At UN’s COP22 in Marrakech, the Global Peatlands Initiative was launched with an aim to mobilize governments, international organizations and academia in a targeted effort to protect peatlands, which contain almost 100 times more carbon than tropical forests.
The Global Peatlands Initiative, led by UN Environment with support from over a dozen partners, is the largest collaborative effort on peat so far. It aims to increase the conservation, restoration and sustainable management of peatlands in countries with significant peat deposits, delivering benefits for agriculture, biodiversity and the climate.
The founding members of the Global Peatlands Initiative are the governments of Indonesia, Peru, the Republic of Congo, UN Environment, FAO, IFAD, EC, CIFOR, Wetlands International, UNEP-WCMC, GRID-Arendal, Ramsar Convention on Wetlands, European Space Agency, WRI, Greifswald Mire Centre and SarVision/Sateligence.
Greenhouse gas emissions from drained and burning peatlands account for up to 5 percent of anthropogenic carbon emissions. These emissions are rising due to increasing peat degradation and loss from agriculture and fires, and driving the world closer to a dangerous tipping point.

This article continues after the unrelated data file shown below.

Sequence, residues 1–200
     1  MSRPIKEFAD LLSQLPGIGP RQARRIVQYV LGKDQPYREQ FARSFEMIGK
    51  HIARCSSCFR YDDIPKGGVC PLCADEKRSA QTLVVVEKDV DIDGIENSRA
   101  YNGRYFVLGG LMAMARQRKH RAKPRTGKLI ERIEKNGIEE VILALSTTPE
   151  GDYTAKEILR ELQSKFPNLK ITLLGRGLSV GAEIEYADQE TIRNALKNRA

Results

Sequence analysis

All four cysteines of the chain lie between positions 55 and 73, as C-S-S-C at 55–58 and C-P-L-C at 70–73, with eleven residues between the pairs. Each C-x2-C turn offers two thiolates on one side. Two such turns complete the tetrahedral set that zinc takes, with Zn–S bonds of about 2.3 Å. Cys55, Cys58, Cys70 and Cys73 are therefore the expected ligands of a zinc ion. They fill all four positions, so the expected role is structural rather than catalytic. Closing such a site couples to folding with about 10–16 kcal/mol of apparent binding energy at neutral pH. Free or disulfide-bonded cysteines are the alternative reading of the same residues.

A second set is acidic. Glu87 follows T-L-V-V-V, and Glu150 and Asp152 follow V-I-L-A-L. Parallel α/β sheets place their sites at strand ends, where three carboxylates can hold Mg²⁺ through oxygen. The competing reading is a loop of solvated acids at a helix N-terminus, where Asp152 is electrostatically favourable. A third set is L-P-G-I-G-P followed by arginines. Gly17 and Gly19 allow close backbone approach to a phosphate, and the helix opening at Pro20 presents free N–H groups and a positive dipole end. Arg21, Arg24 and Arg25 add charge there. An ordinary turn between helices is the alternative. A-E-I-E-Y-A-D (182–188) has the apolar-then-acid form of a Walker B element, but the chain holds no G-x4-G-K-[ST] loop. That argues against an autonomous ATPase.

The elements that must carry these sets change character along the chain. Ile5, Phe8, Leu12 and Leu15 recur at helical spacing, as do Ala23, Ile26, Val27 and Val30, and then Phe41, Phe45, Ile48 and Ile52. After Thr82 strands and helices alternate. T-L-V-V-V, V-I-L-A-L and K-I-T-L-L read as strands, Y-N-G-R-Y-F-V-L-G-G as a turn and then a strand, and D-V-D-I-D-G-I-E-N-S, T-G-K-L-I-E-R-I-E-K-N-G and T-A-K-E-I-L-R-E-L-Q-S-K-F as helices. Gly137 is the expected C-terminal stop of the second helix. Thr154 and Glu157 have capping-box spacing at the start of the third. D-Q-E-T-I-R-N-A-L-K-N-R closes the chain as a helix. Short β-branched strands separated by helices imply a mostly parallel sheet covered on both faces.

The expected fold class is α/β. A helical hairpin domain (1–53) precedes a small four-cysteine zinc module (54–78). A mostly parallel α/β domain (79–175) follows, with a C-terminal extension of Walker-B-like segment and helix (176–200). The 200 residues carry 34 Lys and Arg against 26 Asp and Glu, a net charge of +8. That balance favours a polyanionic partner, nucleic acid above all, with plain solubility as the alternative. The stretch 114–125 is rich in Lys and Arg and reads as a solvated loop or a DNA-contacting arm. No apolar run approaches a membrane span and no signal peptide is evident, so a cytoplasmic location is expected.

Rising temperatures can cause a chain reaction in which thawing permafrost switches boreal and Arctic peatlands from carbon sinks to sources, emitting huge amounts of greenhouse gas. Peat carbon stocks are equivalent to at least 60 percent of all atmospheric carbon, meaning they hold the potential to send climate change spiraling out of control.
“Even with current pledges under the Paris Agreement, we are heading for a global temperature rise of over three degrees Celsius this century,” said Erik Solheim, head of UN Environment. “This will cause misery and chaos for millions of vulnerable people, so we cannot afford to let any opportunity to reduce emissions slip by.
“Taking urgent action through the Global Peatlands Initiative can help us limit climate change. It is critical we do not reach the tipping point that will see peatlands stop sinking carbon and start spewing it into the atmosphere, destroying any hope we have of controlling climate change.”
Despite their importance, peatlands are coming under increased threat, mainly from conversion for palm oil and pulp wood production. Drainage of peatlands can result in environmental problems, most visible being the enormous fires in Indonesia and Russia in recent years.
In Indonesia, the worst days of the peat forest fires resulted in emissions greater than the daily emissions from the entire United States economy. In the Nordic and Baltic states, drained peatlands are responsible for 25 percent of all emissions.
The impacts of peatland degradation go beyond emissions. Recent studies have suggested that the 2015 Indonesian peat fires affected 43 million people, indirectly killed up to 100,000 people through the toxic haze, and led to US$ 16.1 billion in overall economic damage (twice the value of the Aceh Tsunami Reconstruction).